PCs sweep to power in Ontario: What Doug Ford means for construction across the province
June 8, 2018 by David Kennedy
TORONTO—After more than a decade as the official opposition, Ontario’s Progressive Conservatives swept to a resounding victory in Ontario’s bitterly-fought election June 7.
Premier-designate Doug Ford and the PCs won 76 of the legislature’s 124 seats, capturing 40.5 per cent of the popular vote.
Andrea Horwath and the NDP will form the opposition with 40 seats, while the Liberal Party, which had held onto power for 15 years, lost official party status, retaining just seven seats. Premier Kathleen Wynne held onto her place in the legislature in a close race, but said she would step down as head of the Ontario Liberals after the defeat. Meanwhile, the Green Party of Ontario captured its first-ever foothold at Queen’s Park as leader Mike Schreiner came out on top in the Guelph, Ont. riding.
Across the province, 58 per cent of eligible voters turned out to cast their ballots, according to Elections Ontario.
With the majority secured, Ford and the PCs will now turn their focus toward governing. The rookie MPP and party leader, who served a somewhat tumultuous term on Toronto’s City Council, faced significant criticism throughout the campaign for a lack of clarity in his platform. He promised to replace the entrenched Liberals with a practical, affordable and responsible government.
“A new day has dawned in Ontario—a day of opportunity, a day of prosperity and a day of growth,” he told a crowd after securing the election win.
Among his list of promises were bringing back dollar beer, scrapping the Green Energy Act and reducing the small business tax rate.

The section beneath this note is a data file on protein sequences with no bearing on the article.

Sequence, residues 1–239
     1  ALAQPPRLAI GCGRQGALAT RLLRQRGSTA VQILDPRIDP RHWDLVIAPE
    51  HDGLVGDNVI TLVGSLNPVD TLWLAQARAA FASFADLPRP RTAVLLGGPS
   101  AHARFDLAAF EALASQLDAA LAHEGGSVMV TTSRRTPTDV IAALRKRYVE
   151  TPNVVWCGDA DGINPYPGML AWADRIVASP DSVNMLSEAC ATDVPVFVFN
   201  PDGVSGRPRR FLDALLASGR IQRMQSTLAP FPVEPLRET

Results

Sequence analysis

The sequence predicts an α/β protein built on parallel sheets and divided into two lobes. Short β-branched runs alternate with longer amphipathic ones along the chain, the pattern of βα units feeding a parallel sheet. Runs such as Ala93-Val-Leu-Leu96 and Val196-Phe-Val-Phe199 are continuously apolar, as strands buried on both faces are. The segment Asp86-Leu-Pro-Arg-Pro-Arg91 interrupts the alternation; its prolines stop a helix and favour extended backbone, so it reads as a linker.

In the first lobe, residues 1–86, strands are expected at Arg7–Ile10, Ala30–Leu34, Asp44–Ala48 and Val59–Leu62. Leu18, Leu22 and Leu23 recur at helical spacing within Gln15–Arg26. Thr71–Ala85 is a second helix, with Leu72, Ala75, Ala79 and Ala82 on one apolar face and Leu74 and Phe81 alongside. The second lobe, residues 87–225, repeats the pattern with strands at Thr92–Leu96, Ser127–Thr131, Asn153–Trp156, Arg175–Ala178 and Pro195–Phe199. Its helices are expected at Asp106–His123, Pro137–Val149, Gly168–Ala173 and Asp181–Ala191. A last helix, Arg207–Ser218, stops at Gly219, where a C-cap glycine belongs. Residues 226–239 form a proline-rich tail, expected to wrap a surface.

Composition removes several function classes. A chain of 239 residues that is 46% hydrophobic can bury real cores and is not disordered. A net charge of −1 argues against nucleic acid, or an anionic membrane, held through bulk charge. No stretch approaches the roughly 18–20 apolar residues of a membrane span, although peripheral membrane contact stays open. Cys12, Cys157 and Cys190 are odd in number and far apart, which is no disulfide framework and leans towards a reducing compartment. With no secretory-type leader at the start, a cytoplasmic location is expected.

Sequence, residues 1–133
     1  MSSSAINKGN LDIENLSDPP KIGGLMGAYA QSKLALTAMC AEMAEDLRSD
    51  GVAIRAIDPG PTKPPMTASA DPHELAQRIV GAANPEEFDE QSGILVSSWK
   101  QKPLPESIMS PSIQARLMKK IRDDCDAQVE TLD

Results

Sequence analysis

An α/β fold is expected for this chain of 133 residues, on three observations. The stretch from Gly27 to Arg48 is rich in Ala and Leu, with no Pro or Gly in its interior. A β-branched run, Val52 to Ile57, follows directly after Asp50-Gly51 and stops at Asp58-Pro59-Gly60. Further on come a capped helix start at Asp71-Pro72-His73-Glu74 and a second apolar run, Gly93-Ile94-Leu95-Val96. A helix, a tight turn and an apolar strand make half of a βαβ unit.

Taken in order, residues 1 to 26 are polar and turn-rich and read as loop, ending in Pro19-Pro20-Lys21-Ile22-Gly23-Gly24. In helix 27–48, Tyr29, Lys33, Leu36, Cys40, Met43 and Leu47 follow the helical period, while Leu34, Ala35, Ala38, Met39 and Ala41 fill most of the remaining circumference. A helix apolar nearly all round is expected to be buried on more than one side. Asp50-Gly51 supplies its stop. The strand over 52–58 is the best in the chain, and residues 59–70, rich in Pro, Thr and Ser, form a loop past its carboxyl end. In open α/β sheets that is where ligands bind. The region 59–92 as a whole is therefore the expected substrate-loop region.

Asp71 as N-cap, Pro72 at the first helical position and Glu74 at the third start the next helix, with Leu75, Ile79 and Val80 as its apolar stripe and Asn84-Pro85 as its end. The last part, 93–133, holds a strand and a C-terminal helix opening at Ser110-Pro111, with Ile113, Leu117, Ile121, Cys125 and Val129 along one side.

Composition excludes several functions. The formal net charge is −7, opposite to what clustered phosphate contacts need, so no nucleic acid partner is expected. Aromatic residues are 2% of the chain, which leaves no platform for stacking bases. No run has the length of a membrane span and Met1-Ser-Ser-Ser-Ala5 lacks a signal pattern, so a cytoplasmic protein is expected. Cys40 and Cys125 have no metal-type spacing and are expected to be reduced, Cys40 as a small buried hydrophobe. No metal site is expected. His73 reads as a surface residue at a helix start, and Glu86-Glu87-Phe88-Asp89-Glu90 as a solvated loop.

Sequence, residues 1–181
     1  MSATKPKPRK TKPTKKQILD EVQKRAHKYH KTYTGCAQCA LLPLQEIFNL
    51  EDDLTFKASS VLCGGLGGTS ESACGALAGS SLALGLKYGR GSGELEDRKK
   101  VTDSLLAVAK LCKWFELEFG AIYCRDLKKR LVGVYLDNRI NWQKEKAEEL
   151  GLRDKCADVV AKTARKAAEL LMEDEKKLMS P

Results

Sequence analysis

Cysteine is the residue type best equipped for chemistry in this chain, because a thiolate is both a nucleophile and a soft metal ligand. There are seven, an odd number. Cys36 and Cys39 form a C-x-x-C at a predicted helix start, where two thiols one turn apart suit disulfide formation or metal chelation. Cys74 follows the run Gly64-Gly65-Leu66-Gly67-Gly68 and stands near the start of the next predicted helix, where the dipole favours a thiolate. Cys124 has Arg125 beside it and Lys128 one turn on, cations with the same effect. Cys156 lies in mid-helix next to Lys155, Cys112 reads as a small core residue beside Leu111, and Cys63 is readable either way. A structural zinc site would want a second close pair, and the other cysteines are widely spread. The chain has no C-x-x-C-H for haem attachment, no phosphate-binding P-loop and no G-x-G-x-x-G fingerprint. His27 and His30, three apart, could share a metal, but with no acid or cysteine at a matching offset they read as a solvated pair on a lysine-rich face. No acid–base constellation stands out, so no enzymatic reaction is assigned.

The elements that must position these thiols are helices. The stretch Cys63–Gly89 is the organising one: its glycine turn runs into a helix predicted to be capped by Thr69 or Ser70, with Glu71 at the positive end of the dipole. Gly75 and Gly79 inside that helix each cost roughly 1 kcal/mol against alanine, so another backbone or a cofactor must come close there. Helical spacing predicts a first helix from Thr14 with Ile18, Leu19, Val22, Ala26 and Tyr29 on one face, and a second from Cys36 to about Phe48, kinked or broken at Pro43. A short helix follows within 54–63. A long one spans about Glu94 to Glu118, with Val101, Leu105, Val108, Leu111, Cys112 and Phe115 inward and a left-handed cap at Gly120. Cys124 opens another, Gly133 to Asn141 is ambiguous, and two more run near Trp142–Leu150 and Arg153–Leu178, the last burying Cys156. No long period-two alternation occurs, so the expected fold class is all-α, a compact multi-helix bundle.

Much of Ford’s talk of the construction industry has focused on bolstering Ontario’s infrastructure. Already a major component of provincial spending under the Liberals, the province’s long term infrastructure plan committed a whopping $190 billion to building or repairing transit, roads, bridges, hospitals and schools between 2014 and 2028.
In the official PC platform, Ford identified a number of projects—some vague, others more specific—the party will pursue.
- An additional $5 billion to fund subway projects in the Toronto area, including the the so-called Downtown Relief Line, the Yonge Extension and the Sheppard Loop
- Exploring the potential of six-laning all of Highway 401 and Highway 416 between Toronto and Ottawa
- Completing the assessment of the GTA West Corridor, which the current government recently abandoned
- Actively pursuing high-speed rail networks
- Investing in four-laning projects along Highway 17 in eastern Ontario and Highway 3 in Southwestern Ontario
“The Progressive Conservatives ran on a platform of infrastructure investment, including incremental funding for subways, regional transit, and broadband,” said Mark Romoff the president and CEO of the Canadian Council for Public-Private Partnerships (CCPPP), adding that he looks forward to working with the incoming government on ensuring Ontarians are getting the most out of their infrastructure spending.
On the jobs file, Ford has committed to helping to fill the skills gap and cutting red tape to help businesses create more positions.
It’s one of the areas the construction industry says its hoping to collaborate with the new government on creative solutions.
“Our goal is to help close the skills gap by addressing issues such as apprenticeship ratios in order to open up more opportunities for young people in the skilled trades,” said Karen Renkema, public affairs manager at the Progressive Contractors Association of Canada (PCA).
The Ontario Construction Secretariat also congratulated Ford and the PCs on their election win and said it would work with the new government to keep construction in the commercial, industrial and institutional segments strong.
The PC’s promise to scrap the Ontario cap-and-trade program is also likely to have an impact on the construction industry through fuel savings.
Ford is scheduled to take the reins from Wynne and be sworn in as Ontario’s 26th premier June 29.
—With a file from the Canadian Press
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